Kimberly Janeway 

    Consumer Reports has no relationship with any advertisers on this website. Copyright © 2006-2015 Consumers Union of U.S.

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  • 06/30/15--02:59: How to check your oil
  • How to check your oil

    Got a low-oil warning light? It’s bad to have too little oil in your engine, but it’s also a problem if you add too much. So be careful not to overfill your engine. Also consult your owner’s manual to determine the right grade of engine oil to use.

    Here’s how to determine how much oil you may need to add:

    1. Drive the car long enough to warm up the engine, then park it on level ground, turn off the engine, and wait 2 minutes. Look under the hood to find the oil dipstick. On most newer cars, the dipstick handle is a bright yellow or orange plastic ring.

    2. Pull out the dipstick, wipe it clean with a lint-free cloth, reinsert it fully, and remove. The dipstick should have markings that designate the engine oil level. A sheen of oil should indicate the engine’s current level.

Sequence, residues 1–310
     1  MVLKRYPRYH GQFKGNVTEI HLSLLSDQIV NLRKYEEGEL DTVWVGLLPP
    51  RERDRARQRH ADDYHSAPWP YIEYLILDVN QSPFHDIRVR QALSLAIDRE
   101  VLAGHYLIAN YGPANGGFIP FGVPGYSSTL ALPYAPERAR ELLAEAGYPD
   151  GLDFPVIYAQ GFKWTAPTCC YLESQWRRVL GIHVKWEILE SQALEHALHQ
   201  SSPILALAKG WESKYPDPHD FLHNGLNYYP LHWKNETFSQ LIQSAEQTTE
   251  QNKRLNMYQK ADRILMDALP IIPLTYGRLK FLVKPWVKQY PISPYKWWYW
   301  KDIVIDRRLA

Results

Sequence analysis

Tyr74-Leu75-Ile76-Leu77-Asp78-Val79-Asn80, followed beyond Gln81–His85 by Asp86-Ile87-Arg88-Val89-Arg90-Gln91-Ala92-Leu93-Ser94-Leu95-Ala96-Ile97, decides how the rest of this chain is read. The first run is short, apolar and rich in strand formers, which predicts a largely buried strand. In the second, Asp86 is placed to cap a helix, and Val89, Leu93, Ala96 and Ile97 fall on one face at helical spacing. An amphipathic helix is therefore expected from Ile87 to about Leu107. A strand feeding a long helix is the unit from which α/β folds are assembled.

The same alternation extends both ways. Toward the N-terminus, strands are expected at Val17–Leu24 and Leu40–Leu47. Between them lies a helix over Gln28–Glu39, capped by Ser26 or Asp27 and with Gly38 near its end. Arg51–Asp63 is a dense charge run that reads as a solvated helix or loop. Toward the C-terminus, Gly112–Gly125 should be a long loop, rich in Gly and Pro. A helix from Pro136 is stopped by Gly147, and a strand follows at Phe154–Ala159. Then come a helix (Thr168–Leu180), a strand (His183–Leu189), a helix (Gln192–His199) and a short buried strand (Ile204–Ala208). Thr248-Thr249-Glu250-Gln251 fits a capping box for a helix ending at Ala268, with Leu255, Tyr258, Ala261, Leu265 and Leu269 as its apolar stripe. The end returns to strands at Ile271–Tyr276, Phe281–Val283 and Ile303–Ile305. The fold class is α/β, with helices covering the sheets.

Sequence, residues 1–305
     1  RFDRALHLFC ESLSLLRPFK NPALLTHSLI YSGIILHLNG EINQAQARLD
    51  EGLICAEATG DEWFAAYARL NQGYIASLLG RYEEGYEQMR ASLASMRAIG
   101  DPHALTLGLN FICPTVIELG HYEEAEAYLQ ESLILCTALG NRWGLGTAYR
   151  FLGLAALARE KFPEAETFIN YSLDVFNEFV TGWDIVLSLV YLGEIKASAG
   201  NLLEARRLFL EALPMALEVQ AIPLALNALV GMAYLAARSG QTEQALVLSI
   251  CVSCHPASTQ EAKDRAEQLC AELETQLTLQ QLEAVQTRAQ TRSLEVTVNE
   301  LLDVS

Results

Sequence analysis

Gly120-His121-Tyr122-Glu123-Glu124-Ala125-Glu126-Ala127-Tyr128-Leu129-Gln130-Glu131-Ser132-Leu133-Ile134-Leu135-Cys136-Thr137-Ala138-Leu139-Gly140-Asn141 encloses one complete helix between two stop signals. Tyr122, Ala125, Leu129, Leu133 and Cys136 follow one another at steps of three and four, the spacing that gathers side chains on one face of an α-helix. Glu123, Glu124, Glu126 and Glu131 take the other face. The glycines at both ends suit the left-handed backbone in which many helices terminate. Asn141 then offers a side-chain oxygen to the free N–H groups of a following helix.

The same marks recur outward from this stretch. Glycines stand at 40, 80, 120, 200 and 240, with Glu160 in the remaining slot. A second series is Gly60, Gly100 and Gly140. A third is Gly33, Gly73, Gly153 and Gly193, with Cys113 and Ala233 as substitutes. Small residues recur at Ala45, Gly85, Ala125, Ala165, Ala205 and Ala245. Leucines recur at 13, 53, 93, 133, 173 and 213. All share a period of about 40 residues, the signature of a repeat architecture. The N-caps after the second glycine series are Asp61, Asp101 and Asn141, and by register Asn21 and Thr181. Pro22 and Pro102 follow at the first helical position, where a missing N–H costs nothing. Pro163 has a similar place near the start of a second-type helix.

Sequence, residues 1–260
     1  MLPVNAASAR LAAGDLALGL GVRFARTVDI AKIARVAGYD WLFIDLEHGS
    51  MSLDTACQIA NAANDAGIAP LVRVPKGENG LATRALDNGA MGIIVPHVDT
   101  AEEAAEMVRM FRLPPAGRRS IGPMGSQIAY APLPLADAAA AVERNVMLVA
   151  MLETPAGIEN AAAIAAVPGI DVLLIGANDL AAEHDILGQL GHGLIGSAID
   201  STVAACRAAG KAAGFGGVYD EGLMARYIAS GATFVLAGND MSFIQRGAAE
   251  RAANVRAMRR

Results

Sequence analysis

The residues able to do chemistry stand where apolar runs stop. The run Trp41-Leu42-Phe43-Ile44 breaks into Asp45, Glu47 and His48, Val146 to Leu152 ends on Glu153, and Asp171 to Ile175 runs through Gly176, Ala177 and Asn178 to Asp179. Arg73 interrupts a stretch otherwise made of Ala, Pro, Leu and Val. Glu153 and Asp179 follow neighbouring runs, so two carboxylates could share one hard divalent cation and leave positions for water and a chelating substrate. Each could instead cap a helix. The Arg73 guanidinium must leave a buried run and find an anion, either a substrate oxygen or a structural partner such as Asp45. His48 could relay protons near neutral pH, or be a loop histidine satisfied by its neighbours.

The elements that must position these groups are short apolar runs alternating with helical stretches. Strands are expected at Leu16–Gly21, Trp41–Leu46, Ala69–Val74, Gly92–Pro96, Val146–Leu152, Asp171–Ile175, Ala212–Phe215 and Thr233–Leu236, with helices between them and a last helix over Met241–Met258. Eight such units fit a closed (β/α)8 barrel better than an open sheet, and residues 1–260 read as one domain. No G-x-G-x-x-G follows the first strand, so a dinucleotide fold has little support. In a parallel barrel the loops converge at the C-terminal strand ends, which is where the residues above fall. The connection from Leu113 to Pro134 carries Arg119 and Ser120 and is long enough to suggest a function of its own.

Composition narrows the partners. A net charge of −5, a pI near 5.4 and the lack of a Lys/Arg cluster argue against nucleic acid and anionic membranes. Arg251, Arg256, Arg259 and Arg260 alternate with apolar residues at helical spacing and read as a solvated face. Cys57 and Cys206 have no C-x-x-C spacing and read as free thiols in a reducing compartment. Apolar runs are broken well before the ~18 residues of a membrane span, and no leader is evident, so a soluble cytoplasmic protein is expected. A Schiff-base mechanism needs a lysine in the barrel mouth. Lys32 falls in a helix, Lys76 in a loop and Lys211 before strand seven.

3. If the oil level is at or below the bottom ‘fill’ line, add ½ quart of oil into the reservoir opening—located under the screw-cap mounted on top of the engine. Wait 2 minutes, then recheck the level. If it’s still low, add more oil incrementally.

    Learn more in our guide to car maintenance.

    If you need work done on your car, check out our car repair estimator.

    And read about the problem of excessive oil consumption and discover which cars are the worst offenders.

    This article also appeared in the August 2015 issue of Consumer Reports magazine.

    Consumer Reports has no relationship with any advertisers on this website. Copyright © 2006-2015 Consumers Union of U.S.

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    Excessive oil consumption isn't normal

     Cars under warranty shouldn’t burn oil. And most don’t.

    But Consumer Reports’ 2014 Annual Auto Survey found that several auto manufacturers are building engines—available in a number of widely sold models—that require frequently topping off the oil reservoir between recommended oil changes. That’s a worry and cost that a new-car owner shouldn’t have.